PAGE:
Pretty white and wholly ignorant, isn’t it?
Here’s the back story: I grew up in the ’50s and 60s in northern New Jersey in a town where all the black families lived on one road. There were three black students in a graduating class of 250 students, two of whom I knew from music and both of whom signed my yearbook.
My family’s attitude toward equal rights for “Negros” (not coloreds or worse) and race relations was classically liberal and tolerant. I had started reading memoirs like Claude Brown’s Manchild in the Promise Land and histories such as Lerone Bennett’s Before the Mayflower in high school. But I had no illusions about my “understanding” what it was to be a Negro in America.
The tiny college I went to in Illinois had 350 students, of which two were roommates and classmates. One showed me the “soul brother” handshake, proved to be worse at basketball than I was, and had fun with me and our tutor in an English class. The other was bi-racial and almost deaf. He and I had to concentrate on watching the other’s face when talking and enjoyed the exchanges. (He later earned a PhD in Math.)
After my first year of college, I got a job driving for a take-out fried chicken place. Yes, breaded chicken and French fries. Phone-in orders sent me everywhere within about a 10-mile radius of the store. One night I saw that I had an order for the road in my home town that I recognized as the black section. As I drove there, I didn’t think about the fried chicken stereotype or anything other than I had NO idea what kind of house I’d be delivering to.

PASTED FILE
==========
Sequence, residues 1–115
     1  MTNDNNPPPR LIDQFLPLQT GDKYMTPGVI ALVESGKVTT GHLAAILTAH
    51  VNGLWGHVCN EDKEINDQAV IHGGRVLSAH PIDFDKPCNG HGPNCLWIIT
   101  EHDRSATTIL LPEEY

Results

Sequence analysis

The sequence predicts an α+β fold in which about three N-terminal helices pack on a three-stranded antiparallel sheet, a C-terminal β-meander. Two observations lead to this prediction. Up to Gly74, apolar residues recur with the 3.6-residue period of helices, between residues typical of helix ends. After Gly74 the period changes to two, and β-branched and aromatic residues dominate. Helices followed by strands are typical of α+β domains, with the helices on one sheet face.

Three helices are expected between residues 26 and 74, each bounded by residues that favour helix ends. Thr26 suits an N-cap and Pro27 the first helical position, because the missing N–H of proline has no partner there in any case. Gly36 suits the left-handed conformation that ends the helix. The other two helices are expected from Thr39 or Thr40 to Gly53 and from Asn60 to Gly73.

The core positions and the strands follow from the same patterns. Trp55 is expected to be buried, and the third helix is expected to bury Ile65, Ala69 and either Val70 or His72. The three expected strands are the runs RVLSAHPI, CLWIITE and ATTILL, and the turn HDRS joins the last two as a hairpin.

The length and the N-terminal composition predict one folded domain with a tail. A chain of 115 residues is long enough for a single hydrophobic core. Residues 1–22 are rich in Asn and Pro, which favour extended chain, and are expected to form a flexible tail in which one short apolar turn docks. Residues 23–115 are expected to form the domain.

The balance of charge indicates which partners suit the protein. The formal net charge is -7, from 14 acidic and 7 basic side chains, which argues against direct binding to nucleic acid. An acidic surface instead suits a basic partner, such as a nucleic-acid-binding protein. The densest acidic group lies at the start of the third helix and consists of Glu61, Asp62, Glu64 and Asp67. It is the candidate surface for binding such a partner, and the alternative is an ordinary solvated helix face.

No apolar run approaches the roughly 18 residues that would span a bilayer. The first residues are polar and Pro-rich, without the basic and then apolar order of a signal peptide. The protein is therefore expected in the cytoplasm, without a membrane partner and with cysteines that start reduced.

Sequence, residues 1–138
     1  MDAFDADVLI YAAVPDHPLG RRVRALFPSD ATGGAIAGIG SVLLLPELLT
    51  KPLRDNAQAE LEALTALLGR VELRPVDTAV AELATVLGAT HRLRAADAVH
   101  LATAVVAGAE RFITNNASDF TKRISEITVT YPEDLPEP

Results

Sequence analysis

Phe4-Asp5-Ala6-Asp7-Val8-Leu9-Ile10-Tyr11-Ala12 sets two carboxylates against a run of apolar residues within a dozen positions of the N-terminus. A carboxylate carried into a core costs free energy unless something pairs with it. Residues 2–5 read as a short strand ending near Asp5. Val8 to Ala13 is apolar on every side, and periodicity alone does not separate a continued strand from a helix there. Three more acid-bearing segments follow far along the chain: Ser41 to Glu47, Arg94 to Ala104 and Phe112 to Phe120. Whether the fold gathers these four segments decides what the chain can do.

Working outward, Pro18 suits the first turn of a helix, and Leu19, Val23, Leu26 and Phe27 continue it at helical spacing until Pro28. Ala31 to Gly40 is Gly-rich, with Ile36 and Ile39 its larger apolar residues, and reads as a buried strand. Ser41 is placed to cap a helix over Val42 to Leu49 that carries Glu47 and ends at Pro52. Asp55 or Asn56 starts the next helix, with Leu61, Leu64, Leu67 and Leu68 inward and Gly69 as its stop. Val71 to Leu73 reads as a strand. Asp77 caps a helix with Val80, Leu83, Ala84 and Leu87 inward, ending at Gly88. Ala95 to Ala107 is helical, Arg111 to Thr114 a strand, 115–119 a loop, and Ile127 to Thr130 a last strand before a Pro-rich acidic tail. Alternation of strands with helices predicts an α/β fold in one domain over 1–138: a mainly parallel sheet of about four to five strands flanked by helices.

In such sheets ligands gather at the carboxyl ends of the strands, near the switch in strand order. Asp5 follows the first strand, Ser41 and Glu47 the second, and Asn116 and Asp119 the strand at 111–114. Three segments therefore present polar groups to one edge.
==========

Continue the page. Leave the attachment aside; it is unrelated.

I parked in front and knocked on the door or rang the door bell (don’t remember which). A resident (male or female, I don’t remember) let me in and had me stand in the entryway as they went off to get the payment. As I waited, I glanced at the small, tidy living room.
And then the thought hit me: “Their house smells like anyone else’s”. That comment stayed in my mind’s front-and-center section all the way back to the chicken store. What had I meant by it? Had I really carried that
Don’t think of it as an epiphany, think of it as a reorientation, a tug on preconceptions I didn’t know I had. It would be years before I studied with or worked with or even commuted with persons of all colors. Still later before I formed friendships. But it may have been that night delivering chicken that started expanding the spectrum of my awareness beyond the “white-light” band I typically lived in.